The last week in Galicia (and indeed around the world) has been Carnival time. Unfortunately, we are not blessed with the same weather as Rio de Janeiro where the scantily clad samba schools shimmy their way through the hot and humid Sambadrome. Here it’s more a case of sheepskin bikinis, or any costume that will protect you in some way from the cold, damp February chill. Indeed, this year has been worse than most, as yet another storm system swept across western Europe bring high winds and dumping huge amounts of rain. Many Carnival festivities were either cancelled or have at least been postponed, so that all the effort of elaborate costumes and floats does not go totally to waste.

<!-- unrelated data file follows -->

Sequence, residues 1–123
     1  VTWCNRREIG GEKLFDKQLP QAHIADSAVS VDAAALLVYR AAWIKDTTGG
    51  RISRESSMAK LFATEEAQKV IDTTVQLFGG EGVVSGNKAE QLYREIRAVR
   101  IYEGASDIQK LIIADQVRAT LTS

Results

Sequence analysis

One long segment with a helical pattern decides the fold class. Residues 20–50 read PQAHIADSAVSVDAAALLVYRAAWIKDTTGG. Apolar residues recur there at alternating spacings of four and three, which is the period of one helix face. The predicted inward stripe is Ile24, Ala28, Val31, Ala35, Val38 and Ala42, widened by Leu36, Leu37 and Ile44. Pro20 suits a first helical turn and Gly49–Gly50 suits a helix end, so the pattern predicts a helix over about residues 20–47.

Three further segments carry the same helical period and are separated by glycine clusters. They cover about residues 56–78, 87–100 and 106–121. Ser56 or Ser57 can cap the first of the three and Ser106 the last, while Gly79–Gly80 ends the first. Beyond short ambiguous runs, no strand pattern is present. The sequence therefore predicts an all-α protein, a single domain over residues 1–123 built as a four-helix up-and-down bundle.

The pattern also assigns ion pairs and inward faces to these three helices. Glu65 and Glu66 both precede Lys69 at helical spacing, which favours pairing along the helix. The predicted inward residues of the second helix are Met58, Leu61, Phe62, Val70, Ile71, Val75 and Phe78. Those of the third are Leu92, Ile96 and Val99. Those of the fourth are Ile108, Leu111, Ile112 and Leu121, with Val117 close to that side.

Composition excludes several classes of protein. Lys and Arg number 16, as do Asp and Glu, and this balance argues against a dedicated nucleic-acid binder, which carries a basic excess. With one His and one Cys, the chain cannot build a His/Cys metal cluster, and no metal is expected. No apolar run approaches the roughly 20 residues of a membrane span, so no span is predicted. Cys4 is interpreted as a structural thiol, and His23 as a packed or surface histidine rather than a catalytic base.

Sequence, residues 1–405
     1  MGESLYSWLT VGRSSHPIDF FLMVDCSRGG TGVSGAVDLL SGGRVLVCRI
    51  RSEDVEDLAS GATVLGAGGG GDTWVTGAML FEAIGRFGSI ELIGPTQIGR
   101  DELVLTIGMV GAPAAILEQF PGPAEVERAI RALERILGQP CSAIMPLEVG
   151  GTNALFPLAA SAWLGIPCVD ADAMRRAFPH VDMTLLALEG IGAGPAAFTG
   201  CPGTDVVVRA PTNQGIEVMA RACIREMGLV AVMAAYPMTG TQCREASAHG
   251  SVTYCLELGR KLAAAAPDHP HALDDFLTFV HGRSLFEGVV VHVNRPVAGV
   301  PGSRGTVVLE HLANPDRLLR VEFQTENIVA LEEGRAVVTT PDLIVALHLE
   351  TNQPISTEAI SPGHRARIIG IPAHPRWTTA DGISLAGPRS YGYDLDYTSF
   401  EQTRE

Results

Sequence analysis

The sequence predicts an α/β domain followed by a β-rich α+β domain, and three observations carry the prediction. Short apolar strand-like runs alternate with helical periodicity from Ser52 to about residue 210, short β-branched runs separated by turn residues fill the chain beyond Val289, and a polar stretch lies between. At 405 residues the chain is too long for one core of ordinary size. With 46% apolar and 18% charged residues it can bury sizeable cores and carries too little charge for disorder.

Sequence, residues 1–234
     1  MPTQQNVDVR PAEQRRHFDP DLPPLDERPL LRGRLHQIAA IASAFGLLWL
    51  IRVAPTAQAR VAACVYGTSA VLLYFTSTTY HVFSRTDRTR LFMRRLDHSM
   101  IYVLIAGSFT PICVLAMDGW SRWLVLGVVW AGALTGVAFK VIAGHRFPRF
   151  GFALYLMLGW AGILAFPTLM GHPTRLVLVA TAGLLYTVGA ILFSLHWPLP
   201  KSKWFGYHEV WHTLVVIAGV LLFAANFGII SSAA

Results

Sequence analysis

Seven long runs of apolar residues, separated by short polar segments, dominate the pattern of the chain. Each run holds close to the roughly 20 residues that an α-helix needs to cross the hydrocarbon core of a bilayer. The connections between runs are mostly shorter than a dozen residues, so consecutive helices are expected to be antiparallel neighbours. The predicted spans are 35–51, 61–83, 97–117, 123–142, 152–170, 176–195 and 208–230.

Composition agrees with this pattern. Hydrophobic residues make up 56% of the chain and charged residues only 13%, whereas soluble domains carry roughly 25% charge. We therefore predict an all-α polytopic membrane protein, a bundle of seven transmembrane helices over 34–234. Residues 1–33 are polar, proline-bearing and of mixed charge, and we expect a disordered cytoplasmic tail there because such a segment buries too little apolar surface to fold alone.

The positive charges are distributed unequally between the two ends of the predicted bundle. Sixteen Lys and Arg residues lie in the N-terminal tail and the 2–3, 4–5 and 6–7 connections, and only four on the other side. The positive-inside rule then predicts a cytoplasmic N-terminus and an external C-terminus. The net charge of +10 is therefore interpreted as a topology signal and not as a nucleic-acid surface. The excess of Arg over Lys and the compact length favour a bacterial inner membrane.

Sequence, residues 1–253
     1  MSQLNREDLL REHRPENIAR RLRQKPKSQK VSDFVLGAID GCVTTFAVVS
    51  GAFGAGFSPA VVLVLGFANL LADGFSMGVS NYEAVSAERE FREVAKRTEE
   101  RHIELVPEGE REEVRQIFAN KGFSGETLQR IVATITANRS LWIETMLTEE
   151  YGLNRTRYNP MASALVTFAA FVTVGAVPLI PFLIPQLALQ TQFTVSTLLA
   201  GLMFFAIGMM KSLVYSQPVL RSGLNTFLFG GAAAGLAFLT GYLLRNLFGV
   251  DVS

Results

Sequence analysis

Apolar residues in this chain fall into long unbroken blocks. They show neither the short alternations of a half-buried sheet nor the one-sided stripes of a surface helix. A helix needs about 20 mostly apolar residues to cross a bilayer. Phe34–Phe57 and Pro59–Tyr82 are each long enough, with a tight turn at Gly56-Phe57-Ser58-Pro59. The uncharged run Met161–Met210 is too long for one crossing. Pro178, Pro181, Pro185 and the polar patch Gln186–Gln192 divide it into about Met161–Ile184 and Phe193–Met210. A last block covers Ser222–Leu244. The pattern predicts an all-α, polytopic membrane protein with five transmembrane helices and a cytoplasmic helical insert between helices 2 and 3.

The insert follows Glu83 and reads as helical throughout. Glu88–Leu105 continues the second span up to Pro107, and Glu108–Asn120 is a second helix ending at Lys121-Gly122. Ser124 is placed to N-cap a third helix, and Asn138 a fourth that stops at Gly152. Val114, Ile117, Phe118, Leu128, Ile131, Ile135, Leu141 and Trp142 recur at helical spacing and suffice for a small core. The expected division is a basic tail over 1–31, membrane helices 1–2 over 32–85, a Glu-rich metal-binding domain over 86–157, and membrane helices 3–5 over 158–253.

Carnival is also known as Mardi Gras (fat Tuesday), and is a Christian feast – the feast before the ritual fasting period of Lent. Originally it was the day when people filled themselves with fatty foods, or perhaps meat, to sustain them over a 40 day period until Easter. The word carnival itself probably derives from the Italian ‘carne levare’ meaning ‘to remove meat’, and the very first carnival parades were also recorded in medieval Italy – for a long time the Carnival of Venice was considered the most famous.
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